This past week's bathroom contest--plus all the rain, which always puts me
in a reflective mood--has got me thinking about what we mean when we talk about
"good design." When we clicked for Enrique or Guido or any of the
other entrants--and it was a great crop--what we were voting for (other than
the triumph of distraction over work productivity)? Was our choice primarily
aesthetic--did we select the person whose individual taste most matched our
own? Or somehow ethical, rewarding the one who did the most with the least and
de-valuing those spaces that already had "great bones" to their advantage?
Did we favor iconoclasm, or reward with our vote(s?) those clearly familiar
with the vocabulary of design? Professional or savant? Homey or hotel-y? Or,
as some have commented, did we perhaps vote based on visible tallies, seeking
to push one entrant over the top and refraining from a "throwaway vote"?
Forgive me if it's a little early in the day for philosophy, but that vessel
sink may be deeper than you think: what we value has something to say about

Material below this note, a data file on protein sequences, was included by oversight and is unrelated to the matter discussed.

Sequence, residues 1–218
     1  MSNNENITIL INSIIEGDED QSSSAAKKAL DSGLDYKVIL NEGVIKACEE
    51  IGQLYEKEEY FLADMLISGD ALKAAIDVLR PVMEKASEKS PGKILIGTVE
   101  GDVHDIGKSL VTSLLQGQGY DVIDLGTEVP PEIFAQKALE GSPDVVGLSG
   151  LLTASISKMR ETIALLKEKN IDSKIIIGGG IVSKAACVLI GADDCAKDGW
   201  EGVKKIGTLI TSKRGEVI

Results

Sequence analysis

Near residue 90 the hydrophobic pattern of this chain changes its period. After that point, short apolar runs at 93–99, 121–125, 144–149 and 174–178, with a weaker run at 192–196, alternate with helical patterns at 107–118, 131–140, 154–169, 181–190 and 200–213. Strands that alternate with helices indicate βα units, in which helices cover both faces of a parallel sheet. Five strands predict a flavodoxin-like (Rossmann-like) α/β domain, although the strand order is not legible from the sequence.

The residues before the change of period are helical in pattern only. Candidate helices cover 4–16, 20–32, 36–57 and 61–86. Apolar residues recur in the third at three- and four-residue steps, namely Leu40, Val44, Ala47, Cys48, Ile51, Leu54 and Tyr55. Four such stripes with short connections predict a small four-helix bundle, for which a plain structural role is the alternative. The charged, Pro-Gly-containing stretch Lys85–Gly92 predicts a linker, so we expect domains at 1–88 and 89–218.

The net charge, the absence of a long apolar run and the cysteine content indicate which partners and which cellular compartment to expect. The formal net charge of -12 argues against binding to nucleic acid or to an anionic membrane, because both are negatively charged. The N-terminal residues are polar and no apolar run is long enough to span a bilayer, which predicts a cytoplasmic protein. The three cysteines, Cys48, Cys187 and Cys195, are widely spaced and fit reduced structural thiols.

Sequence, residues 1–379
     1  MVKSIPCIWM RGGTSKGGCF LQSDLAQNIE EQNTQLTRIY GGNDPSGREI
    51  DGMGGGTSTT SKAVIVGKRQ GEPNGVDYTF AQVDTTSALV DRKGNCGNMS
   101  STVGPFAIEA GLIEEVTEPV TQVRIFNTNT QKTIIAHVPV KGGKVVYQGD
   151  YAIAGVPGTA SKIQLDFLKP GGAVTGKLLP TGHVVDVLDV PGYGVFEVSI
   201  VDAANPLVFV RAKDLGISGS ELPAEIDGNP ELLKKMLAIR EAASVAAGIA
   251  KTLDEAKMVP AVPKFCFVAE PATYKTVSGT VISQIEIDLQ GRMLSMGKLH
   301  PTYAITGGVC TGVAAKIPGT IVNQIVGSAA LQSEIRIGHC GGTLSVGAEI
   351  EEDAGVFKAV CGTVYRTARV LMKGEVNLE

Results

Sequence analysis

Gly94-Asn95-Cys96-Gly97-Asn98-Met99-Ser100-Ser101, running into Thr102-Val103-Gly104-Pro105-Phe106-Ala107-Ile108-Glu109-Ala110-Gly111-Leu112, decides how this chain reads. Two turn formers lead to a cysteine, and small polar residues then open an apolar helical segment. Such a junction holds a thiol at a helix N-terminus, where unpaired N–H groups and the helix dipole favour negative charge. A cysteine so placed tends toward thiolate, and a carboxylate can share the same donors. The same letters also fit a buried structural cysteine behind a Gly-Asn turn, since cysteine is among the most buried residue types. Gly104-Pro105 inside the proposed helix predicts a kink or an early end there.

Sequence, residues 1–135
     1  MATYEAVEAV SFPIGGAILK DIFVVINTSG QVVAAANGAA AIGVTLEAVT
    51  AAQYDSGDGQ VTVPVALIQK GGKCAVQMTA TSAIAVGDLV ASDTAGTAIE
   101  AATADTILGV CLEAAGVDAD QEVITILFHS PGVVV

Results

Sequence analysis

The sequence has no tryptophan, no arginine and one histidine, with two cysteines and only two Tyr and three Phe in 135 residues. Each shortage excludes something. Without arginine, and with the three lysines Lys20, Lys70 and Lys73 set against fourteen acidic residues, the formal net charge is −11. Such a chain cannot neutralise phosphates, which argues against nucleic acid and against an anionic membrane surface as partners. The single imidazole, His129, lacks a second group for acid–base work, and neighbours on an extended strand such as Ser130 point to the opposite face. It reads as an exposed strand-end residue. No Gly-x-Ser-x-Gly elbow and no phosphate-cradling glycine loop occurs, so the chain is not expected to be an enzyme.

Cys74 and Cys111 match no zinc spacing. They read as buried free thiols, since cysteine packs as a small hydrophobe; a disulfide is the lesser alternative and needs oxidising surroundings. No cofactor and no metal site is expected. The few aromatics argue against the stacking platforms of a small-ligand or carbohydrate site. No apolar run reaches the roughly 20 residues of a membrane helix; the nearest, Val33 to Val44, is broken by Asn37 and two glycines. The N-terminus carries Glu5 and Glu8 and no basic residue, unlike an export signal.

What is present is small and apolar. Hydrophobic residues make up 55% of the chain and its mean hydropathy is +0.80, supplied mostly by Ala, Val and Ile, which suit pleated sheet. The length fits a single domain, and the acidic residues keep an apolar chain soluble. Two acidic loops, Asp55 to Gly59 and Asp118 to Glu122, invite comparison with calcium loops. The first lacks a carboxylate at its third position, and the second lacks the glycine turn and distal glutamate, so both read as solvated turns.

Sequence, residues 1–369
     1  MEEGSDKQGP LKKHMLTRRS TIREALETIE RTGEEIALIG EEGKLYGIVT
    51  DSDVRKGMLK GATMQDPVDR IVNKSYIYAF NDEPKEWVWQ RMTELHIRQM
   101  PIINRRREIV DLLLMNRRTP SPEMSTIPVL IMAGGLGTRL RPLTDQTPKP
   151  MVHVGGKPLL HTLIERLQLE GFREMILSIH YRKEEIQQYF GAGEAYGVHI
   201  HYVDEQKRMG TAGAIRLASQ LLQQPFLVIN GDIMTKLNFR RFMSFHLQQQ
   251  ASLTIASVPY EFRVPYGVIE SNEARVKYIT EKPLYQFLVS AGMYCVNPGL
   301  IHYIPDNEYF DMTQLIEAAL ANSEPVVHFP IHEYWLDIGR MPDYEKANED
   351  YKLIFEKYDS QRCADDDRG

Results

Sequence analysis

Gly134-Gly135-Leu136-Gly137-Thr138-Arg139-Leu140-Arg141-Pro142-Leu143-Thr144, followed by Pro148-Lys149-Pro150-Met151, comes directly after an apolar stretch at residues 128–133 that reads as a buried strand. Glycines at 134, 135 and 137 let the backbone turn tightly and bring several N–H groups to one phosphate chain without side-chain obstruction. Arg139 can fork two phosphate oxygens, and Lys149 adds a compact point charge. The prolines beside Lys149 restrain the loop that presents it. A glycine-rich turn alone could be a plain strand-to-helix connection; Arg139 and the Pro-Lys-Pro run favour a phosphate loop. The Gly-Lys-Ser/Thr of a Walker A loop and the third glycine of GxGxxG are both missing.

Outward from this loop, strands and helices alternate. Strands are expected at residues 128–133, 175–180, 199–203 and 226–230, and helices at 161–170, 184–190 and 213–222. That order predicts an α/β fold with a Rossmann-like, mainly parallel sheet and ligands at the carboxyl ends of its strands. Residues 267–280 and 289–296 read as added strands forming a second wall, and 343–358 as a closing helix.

our values. As with any form of specialized knowlege, we can dive in
to design as a way of increasing our pleasure and that of our guests, or we
can use it as a wedge to separate ourselves from others--it's the difference
between show-and-tell and showing off. What I loved about all the rooms we saw
this week, even the ones I didn't like, was their owners' evident, infectious
pleasure in both the process and the result.
How much of "goodness" is objective and how much subjective? Are
you a believer in the Golden
Mean, or do you prefer things a little jolie-laide?
As for me, it's a mix: I love the proportions--and, yes, the pedigree--of my
Eames chair, but I also love the horrifying lamp with the great story. And my
partner, recalcitrant hair and all, is the most beautiful person in the world.
I don't know exactly where attractive sink fixtures fall on Maslow's
hierarchy of needs, but I'm pretty sure they're on there somewhere. This
week's contest was, for me, more evidence of the truth that design is never
frivolous, even when--especially when--it's fun.
Image credit: Clint